In this month’s Different Like You profile, Lexi Brock, 17, speaks out about what it’s like to be multiracial in a culture that doesn’t always recognize her unique identity. Her story addresses some of the real challenges many multiracial teens face and is sure to get you thinking about ways to bring a greater sense of inclusiveness to your classroom and lessons. "Students learn best when they feel like they belong," says Calvin Lai, research director at Harvard’s Project Implicit. This list of ideas, summarized from Teaching Tolerance’s Critical Practices for Anti-Bias Education Guide, will help get you started:
1. Create a classroom contract. Ask your students to come up with a list of agreements for talking to one another and working out differences. Some examples could include:
- Listen with respect to the experiences of others.
- Try to understand what someone is saying before rushing to judgment.
- Put-downs of any kind are never okay.
2. Look at the way your space is set up. The physical environment of your classroom can send subtle but significant messages about diversity, relationship-building, and roles of students and teachers. For example, a classroom set up in a U-shape with the teacher’s desk at the head, posters of U.S. presidents, and quotes from J.F.K. and Winston Churchill sets a very different tone than desk clusters of four with posters of quotes from Maya Angelou and Aung San Suu Ky.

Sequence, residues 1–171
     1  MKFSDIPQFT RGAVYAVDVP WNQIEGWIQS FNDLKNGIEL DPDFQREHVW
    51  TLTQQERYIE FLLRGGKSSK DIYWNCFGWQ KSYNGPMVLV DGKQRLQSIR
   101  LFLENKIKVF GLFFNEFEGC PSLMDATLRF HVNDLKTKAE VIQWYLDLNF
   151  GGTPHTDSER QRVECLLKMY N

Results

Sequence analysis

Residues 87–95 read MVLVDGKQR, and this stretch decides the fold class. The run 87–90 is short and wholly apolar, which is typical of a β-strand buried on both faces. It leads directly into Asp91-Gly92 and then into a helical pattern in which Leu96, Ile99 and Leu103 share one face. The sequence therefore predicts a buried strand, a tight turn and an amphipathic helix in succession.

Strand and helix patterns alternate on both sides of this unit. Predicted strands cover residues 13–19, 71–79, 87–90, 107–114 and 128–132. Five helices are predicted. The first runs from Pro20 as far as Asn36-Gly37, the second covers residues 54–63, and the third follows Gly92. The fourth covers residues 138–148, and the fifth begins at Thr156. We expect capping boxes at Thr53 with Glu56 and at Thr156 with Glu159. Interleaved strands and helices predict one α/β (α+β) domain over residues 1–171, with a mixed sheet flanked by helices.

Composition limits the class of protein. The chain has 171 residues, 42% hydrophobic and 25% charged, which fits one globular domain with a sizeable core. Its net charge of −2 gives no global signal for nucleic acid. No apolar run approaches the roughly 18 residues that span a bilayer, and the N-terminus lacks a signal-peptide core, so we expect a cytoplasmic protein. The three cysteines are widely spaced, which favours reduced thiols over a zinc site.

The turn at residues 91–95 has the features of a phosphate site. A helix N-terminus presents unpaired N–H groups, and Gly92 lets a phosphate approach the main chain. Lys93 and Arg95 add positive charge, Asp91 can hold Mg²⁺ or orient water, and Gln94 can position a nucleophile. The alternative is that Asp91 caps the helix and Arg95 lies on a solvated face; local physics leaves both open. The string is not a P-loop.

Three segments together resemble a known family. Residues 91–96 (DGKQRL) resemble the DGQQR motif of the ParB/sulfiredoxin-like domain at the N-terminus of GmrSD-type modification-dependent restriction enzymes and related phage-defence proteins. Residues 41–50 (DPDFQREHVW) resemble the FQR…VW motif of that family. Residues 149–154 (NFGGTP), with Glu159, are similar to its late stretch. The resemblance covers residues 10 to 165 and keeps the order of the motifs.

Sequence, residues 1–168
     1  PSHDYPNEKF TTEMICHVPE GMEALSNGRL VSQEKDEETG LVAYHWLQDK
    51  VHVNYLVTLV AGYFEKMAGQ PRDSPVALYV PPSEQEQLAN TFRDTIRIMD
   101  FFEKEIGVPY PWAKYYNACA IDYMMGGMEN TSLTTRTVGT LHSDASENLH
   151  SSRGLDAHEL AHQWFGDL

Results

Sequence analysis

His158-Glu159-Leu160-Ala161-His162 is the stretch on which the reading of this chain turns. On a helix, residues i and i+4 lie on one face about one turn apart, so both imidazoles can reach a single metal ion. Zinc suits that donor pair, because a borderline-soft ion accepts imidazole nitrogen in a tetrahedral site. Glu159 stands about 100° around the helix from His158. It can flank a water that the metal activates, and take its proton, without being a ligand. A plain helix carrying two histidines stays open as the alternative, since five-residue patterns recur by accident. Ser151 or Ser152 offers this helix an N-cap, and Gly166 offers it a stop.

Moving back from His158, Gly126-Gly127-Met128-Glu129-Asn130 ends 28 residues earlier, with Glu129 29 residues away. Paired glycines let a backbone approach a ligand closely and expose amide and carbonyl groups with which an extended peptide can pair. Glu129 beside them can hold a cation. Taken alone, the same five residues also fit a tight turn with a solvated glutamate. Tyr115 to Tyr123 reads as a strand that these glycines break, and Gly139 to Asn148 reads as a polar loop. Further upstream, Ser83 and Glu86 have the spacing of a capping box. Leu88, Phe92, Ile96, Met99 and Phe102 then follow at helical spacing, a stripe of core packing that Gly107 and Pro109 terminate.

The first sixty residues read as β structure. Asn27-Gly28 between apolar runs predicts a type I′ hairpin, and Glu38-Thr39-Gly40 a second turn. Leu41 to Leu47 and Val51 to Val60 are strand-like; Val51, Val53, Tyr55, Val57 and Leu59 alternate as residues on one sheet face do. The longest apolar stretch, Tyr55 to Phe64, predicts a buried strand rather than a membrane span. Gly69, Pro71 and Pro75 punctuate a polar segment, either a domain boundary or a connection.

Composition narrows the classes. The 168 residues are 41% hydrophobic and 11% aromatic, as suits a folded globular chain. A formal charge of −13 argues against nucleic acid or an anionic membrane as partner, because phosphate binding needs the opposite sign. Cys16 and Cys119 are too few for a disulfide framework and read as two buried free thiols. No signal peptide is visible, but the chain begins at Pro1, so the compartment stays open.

3. Rethink participation norms. Class work has traditionally centered around large group discussions with emphasis on students volunteering to answer questions. However, research has shown that this style can favor boys and those who are adept in verbal learning. Active listening, artistic response, small-group talks, and written response lessons can help kids with different learning styles. In fact, we have a great Write and Reflect activity this month, which asks students to reflect on times they’ve felt misunderstood or stereotyped—without having to share it out loud.